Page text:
An old joke has it that if you speak three languages you’re trilingual, if you speak two languages you’re bilingual, and if you speak one language you’re an American.
I’m afraid I fit the pattern. Growing up in central Kentucky, a thousand miles from anyplace where English wasn’t the majority language and the only official language, and with no reason to think that I’d ever have any opportunity to travel, I opted for Latin instead of French or Spanish. I thought truly educated people ought to read Latin, and memorized my amo, amas, amat with self-satisfaction while most of the other kids (we had 5 students in the Latin class out of a school population of 2000) learned how to ask for a glass of water in Oaxaca or the way to the lavatory in the Louvre.
Here in the UK, virtually everyone learns French in school, and some learn other languages as well. I’m told that British schools emphasize vocabulary and that most British people speak French with atrocious accents. I wouldn’t know (though if you need to say “All Gaul is divided into three parts”in Latin, get back to me).
On one of our rare school field trips in Kentucky we might visit a local wildlife reserve, the state capitol building or perhaps an historic home; British people speak fondly of school trips to France to see the Bayeux Tapestry or the Eiffel Tower. For people living in the south of England, it’s nothing to go to France for the day; people often do that to go shopping in France and save money on wine or even on regular groceries that are cheaper across the Channel. (The cost of living in the UK is very high, but that’s a subject for another time.)
Having such close neighbors with different cultures, a lot of British people take travel to the Continent as a given, and when the British gear up to go on holiday (though it’s generally shorted to “hols”; in the US it would be ‘vacation’) they go all over the world. As soon as the Christmas shopping is over, shopping for holiday destinations begins, and you can’t open a Sunday newspaper without a handful of brochures falling out inviting you on cruises, safaris, skiing trips, you name it.
It isn’t just posh people who travel to exotic-sounding places. One of my favorite British sitcoms, Dinnerladies, follows an ensemble cast of workers in a factory cafeteria, and includes an episode in which they plan a holiday on Spain’s Costa del Sol. Trips to Spain are so much the norm that there are whole towns in which foreigners outnumber Spanish locals and British tourists eat in British-run restaurants serving British-style food; a lot of British travellers go to Spain for the sun, not the culture.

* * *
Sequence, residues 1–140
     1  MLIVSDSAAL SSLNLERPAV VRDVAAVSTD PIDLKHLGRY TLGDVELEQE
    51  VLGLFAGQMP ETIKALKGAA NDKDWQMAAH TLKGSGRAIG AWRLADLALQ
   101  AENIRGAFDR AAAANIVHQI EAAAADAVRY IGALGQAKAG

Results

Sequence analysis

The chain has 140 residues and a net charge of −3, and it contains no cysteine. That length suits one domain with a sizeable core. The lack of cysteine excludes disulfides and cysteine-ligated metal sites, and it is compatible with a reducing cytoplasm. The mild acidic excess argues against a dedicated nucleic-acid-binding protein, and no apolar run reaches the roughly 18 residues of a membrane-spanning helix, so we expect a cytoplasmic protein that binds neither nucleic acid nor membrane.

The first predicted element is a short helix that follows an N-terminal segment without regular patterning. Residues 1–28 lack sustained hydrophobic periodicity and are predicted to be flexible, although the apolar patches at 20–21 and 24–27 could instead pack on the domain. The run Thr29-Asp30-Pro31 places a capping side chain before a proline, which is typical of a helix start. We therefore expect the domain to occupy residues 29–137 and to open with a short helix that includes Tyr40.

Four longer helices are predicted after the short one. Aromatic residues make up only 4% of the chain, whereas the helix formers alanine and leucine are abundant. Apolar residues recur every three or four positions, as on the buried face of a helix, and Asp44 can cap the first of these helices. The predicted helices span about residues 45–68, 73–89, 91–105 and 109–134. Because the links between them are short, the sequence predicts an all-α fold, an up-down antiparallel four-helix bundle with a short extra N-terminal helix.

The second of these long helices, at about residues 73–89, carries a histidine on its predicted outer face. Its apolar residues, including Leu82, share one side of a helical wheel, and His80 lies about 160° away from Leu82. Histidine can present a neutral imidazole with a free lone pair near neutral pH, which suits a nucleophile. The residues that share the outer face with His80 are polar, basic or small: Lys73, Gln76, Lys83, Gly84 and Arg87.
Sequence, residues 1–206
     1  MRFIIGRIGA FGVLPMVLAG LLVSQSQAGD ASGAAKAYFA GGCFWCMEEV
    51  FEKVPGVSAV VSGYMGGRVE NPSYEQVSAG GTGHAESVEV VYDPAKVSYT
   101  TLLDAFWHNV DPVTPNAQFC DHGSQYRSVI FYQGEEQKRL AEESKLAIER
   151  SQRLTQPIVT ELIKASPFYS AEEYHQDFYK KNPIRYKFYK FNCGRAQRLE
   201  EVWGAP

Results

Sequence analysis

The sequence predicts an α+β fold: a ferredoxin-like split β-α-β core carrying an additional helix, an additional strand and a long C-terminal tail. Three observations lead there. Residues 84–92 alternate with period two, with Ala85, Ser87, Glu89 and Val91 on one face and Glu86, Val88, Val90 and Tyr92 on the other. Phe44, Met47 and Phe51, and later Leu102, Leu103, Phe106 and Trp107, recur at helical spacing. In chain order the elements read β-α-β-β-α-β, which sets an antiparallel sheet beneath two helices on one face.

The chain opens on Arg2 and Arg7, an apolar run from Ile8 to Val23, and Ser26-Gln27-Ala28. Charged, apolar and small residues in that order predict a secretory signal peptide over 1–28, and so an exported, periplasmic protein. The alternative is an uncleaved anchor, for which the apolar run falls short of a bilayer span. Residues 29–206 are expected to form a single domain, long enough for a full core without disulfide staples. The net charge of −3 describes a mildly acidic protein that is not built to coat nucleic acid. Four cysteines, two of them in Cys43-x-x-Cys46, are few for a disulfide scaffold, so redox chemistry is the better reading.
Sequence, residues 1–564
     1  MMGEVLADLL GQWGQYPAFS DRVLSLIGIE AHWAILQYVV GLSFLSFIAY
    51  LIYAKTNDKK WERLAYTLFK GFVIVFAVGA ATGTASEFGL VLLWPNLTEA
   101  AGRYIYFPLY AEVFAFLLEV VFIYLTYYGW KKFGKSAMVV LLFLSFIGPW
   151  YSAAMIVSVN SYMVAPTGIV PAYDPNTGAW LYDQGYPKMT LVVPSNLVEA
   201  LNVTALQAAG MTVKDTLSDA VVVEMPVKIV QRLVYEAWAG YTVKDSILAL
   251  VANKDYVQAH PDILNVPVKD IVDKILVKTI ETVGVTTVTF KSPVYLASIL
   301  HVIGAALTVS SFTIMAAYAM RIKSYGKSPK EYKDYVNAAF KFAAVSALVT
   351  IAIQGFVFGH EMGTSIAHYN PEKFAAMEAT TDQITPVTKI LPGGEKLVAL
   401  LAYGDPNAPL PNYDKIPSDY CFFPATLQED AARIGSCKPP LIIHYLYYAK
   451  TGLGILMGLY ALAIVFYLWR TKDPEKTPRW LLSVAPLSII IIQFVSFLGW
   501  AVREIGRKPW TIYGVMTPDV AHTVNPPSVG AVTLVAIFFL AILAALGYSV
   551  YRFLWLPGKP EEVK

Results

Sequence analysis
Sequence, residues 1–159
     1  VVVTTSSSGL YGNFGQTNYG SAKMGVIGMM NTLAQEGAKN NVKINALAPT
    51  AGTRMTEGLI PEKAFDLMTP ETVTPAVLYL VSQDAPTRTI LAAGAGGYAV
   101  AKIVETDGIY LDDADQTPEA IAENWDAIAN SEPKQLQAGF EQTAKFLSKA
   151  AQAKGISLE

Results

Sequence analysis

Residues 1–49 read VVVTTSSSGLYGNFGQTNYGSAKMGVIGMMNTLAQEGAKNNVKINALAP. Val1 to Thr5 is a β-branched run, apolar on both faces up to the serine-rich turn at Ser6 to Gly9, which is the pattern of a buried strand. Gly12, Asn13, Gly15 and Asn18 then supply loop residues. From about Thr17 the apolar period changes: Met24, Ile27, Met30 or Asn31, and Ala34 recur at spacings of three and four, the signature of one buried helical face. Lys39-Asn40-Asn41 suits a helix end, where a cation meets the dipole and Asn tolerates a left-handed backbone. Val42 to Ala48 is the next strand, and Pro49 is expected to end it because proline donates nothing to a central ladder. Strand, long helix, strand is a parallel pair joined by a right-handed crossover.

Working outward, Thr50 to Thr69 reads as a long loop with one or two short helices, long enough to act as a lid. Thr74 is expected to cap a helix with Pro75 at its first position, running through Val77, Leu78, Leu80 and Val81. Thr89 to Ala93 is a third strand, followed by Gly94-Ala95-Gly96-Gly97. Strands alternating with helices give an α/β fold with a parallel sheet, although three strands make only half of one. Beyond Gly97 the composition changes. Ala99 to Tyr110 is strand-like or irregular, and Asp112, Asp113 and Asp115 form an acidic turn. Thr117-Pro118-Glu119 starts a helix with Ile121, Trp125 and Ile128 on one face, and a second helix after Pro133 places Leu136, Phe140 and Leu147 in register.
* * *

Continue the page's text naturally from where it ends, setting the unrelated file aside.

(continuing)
Students flock to Ibiza (aka Party Island) or, increasingly, to Cyprus. I overheard some hairdressers just before Christmas having a been-there-done-that conversation about Tenerife and Lanzarote in the Canary Islands and Sharm el Sheikh on the Red Sea in Egypt, all agreeing that they’d been so many times they really wanted to try to think of someplace different next time. (According to Wikipedia, 1.6 million British tourists visited Tenerife in 2005; that’s about 2.5% of the population.)
Most—but by no means all—of these British tourists go on package holidays, and even speak of booking the tickets as “buying a holiday”. I rang my travel agent at the Flight Centre in Guildford to ask what holidays she was selling these days.
She said her office books a lot of trips to Thailand, Bali, or “anyplace in Indonesia”, as well as to Sri Lanka, although right now the hot destinations everyone wants to visit are Viet Nam, Cambodia and Laos. Somehow I don’t think I’d get that answer from many US travel agents.
Australia and New Zealand and South Africa, she said, make up a large proportion of their business year round, with customers booking flights to visit friends and family who’ve moved permanently to those places, or—and here you can throw India into the mix—the customers are immigrants to the UK, travelling back to visit their home countries. So part of the willingness of British people to travel can be set down to the close ties that still exist between the British Isles and the countries of the old British Empire. (Stay tuned for more on that subject in future posts.)
Now I’m an immigrant, too—a strange thought—and I don’t get as many chances as I’d like to visit my home country way over there across the ocean. In compensation, I take advantage of being this close to continental Europe to visit other countries when I can; it’s so much easier to go to, say, Sweden when you’ve already crossed the Atlantic and it’s just a short hop.
I have yet to find an occasion on which my Latin came in handy on these travels, but you can easily pick up enough of the local languages here and there to get by comfortably in Barcelona or Amsterdam or wherever you find yourself.
So while I rarely get back to San Francisco, much less Kentucky, and I’ve yet to see the wonders of Laos, I do see more of Western Europe than I ever would have while living in the US, where every trip had to start from a-third-of-the-world away. The illustration for this post shows a café where I spent a lazy afternoon reading and writing over some excellent coffee in Angoulême, a town in the Poitou-Charentes region of France. It was a great way to recuperate from all the walking I did in the morning, exploring the squares, the boulevards on the old ramparts, and the cathedral. And while I don’t speak French, I didn’t have a bit of trouble at Le Chat Noir; if you can say “un café au lait, s’il vous plaît”, “encore, s’il vous plaît”, and “l’addition, s’il vous plaît”, what else do you need?